As landscape architects, we mediate between multiple actors and timescales. In Quincy, several layers of state and federal agencies such as the Massachusetts Water Resources Authority (MWRA) and the Army Corps of Engineers (USACE) have major infrastructural interests such as navigable waters, wetlands, levees, and major sewer/water lines. Additionally, the Federal Emergency Management Agency (FEMA) provides flood insurance for littoral areas, which directly affects cities through the Community Rating System (CRS). Since insurance is required for individual properties within the FPOD and an increase in catastrophic events has placed immense strain on the flood insurance system as well as taxpayers, FEMA has implemented the CRS as a collective way of mitigating risk before events happen. In this system, cities can implement certain measures, such as building levees, or creating a flood plan, to gain points which at certain thresholds, go toward reduced flood insurance premiums citywide. Currently, the largest gain in points comes when a community chooses to retreat entirely out of a FPOD by resettling to a new location further inland.
We propose challenging this current notion of retreat that immediately prioritizes resettlement. To do this, we are introducing a five-phase plan that lays the frameworks within which new conditions of retreat can take place. The first three phases work with local management practices over a short-term (30 year) timescale, whereas the last two phases occur over a time span of 100 years working in partnership with federal agencies. In phase one, the City of Quincy and USACE prepare to regrade backyards so that these spaces are no longer private havens but begin to function as part of the city's drainage system. In return for use of backyards, the City offers small easements into city property of the street, which allows personal uses to percolate into public property— porches expand, barbeques are relocated,and the once private expression of the yard shifts into a more public venue.
This movement from the backyard into the street allows for dissolution of property lines, which is physically reinforced by regrading and the introduction of water into a new channelized topography during phase two. With the establishment of the backyard as an infrastructural asset, the elements deployed on the street take on new agency and aggregate; in doing so these elements dictate how the street is used and configured. As more water (and therefore more risk) is taken on in the backyard, the front yard is granted further easements into the street, solidifying the end of phase three. This new regime of regrading for the mitigation, slowing, and holding of water not only allows for a retreat within one's own parcel but also begins to blur the distinctions between what is publicly owned property privately used and what is privately owned property publicly used.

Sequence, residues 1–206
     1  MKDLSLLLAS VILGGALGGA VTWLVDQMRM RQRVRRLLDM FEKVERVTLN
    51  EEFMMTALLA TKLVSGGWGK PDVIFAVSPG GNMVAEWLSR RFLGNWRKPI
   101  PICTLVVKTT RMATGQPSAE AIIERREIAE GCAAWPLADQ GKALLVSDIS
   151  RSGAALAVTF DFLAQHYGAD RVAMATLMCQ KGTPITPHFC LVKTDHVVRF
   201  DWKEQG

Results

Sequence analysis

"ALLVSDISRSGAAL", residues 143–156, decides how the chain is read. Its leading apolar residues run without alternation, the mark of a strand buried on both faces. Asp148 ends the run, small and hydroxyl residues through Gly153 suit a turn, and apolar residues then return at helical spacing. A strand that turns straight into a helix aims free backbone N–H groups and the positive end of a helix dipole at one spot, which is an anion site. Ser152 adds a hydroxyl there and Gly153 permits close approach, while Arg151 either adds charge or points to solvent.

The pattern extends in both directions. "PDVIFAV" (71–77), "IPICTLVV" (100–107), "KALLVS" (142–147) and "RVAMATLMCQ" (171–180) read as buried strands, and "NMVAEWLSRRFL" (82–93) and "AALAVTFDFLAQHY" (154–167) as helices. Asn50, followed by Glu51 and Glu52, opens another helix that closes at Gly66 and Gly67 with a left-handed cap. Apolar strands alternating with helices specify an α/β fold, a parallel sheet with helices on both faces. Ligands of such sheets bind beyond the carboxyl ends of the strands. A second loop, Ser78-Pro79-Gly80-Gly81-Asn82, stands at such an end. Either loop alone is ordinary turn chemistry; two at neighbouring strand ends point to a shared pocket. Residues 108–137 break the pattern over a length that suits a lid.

As time progresses and more water exists on site, the USACE begins to extend their definition of navigable water further inland in order to protect economic, industrial, and infrastructural assets. As an added infrastructure, the USACE creates aerial watersheds above the roofline to capture water and direct it as needed. These watersheds span multiple homes, further collectivizing how space is used while creating a new community resource that allows residents to engage with water management practices and collect, clean, and manage water as part of their daily life. At this stage, homeowners can retreat within their community to become part of the aerial watershed and densify beneath a new infrastructure.
On an even longer timescale, residents may exercise their right to leave. In Quincy, residents are able to resettle along the MWRA sewer line which runs beneath a levee located on high ground.In this final phase, existing infrastructure like the levee provides a backbone for retreat and densification to occur, ensuring that residents are given the same high ground and protection as critical infrastructure.
As sea levels rise and storm surge continues to intensify, we advocate for a phased retreat that gives agency to Quincy residents. This process of retreat builds off residents' existing rights to use and own property as well as their right to remain in place or to leave. As backyards become places of stormwater collection and personal uses move into city-owned spaces, property lines begin to blur and foster a shared identity of suburban space across multiple parcels. Over time, collective engagement with water management practices becomes an integral part of the coast's cultural landscape. We hope that this daily engagement with water gives greater sovereignty to residents living on the coast and fosters new conversations surrounding a generational awareness of water and changing coastal conditions.
- Nyssa sylvatica
- Spartina alterniflora
- Salix nigra
- Sambucus nigra
- Typha angustifolia